The Pittsburgh Penguins are on fire; 10-1-3 since interim coach Dan Bylsma took over Feb. 15 from the fired Michel Therrien. Pittsburgh’s run has the team firmly – or as firmly as any club not in the Eastern Conference’s top three can be – in the playoffs and even threatening for home ice in the first round after a suspect start to the season.
And while taskmaster-Therrien’s dismissal cannot be overlooked as reason No. 1 for Pittsburgh’s turnaround, getting Sidney Crosby some wingers to play with has also been a boon to the team’s fortunes. And that’s where GM Ray Shero and the Pens are carving a niche for themselves. It’s not a perfect scenario, but there’s a pattern developing of waiting until February or March each year to find running mates for Crosby; a pattern that, to date, has worked out.
Last season it was Marian Hossa and, to a lesser extent, Pascal Dupuis, both acquired from Atlanta in a surprise deadline deal Feb. 26. The Pens went 11-6-2 to close out the season, winning the Atlantic Division and the East en route to a six-game loss to Detroit in the Stanley Cup final.
Hossa played 12 of Pittsburgh’s final 19 games on Crosby’s right side, posting three goals and 10 points before going on to a stellar post-season that included 12 goals and 26 points in 20 games. Dupuis was no slouch either, tallying totals of two, 10 and 12 in 16 regular season games with Pittsburgh and adding seven more post-season points.
This season, Crosby’s late-season lieutenants are the dependable Chris Kunitz and cagey veteran Bill Guerin, both acquired via trade.
Kunitz was picked-up Feb. 26 along with prospect Eric Tangradi for former franchise-cornerstone defenseman Ryan Whitney. In eight games with Crosby and the Pens, Kunitz has three goals and eight points. Guerin – acquired from the Islanders for a measly conditional draft pick – has also been good for a point per game; he has one goal and four assists since joining Pittsburgh. And Crosby? He’s motoring along with four goals and eight points in five post-deadline games.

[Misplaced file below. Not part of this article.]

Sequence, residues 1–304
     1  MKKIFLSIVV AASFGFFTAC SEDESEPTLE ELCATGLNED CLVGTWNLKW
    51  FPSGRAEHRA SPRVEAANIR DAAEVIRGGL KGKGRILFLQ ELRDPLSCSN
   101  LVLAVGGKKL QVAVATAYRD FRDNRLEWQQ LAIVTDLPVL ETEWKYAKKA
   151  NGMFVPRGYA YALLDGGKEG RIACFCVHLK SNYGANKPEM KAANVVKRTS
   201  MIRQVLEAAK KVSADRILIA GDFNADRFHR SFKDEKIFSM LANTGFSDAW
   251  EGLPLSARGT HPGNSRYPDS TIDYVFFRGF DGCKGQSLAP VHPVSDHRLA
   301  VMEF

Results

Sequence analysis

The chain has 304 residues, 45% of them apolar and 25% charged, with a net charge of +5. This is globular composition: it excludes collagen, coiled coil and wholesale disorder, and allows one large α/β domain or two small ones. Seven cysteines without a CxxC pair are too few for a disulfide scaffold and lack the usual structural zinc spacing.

Now, this corner is not suggesting the Pens will make it to the Cup final again this year, but I am suggesting that Pittsburgh might have penned a game plan for years to come:
Sign a winger or two from the NHL’s scrap heap and hope they can keep up with Pittsburgh’s big three down the middle; stay afloat despite cap-induced inconsistencies for five months, riding Emperor Penguins Crosby, Evgeni Malkin, Jordan Staal and Marc-Andre Fleury; then fill-in where needed with cheap alternatives around the deadline.
The scrap heap this past summer included underperforming Ruslan Fedotenko and current Wilkes-Barre/Scranton (AHL) winger Miroslav Satan. Both busts to be sure, but also both unrestricted free agents come July 1, so really not huge headaches for Shero’s squad.
Besides, the Pens haven’t had much trouble scoring this year; they’re ninth in goals-per-game, Malkin leads the Art Ross Trophy-race with 97 points, Crosby is second with 90 and Staal has bounced back from a brutal sophomore season. So it’s not like Pittsburgh’s centers have been struggling to score – although it does leave one to wonder the heights all three could achieve with some consistent wingers surrounding them.
And with its recent additions, Fleury getting hot again and defenseman Sergei Gonchar back from long-term injury to quarterback the power play, this team could be a playoff dim-horse (because, really, it’s tough for any team with Pittsburgh’s talent to be a dark horse).
Kunitz has three more years on his contract at a cap hit of $3.725 million, a good price. He can look forward to developing some real chemistry with Sid the Kid over that time. Kunitz’s trade-mate, Tangradi, may be next in line to play on Crosby’s line. He’s a big (6-foot-4, 221 pounds), physical winger who plays a classic up-and-down style with finish (he was eighth in Ontario League scoring this year with 38 goals and 88 points in 55 games), exactly the type of guy who can thrive on the creative Crosby’s wing. With those two in the mix moving forward, next year Shero can concentrate on finding snipers to play with Malkin and/or Staal.
So while many pundits pointed to the Hossa trade as dangerously depth-depleting, none can argue with the results: a Cup final appearance. And although Shero went out on a limb with Fedotenko and Satan this past summer, the Penguins kept their heads above water and are now deeper and getting hot at the right time.
Time will tell as to how far the Pens will go this spring, but maybe, just maybe, Pittsburgh has provided a blueprint for keeping its stars and being successful when it counts most in the NHL’s salary cap world.
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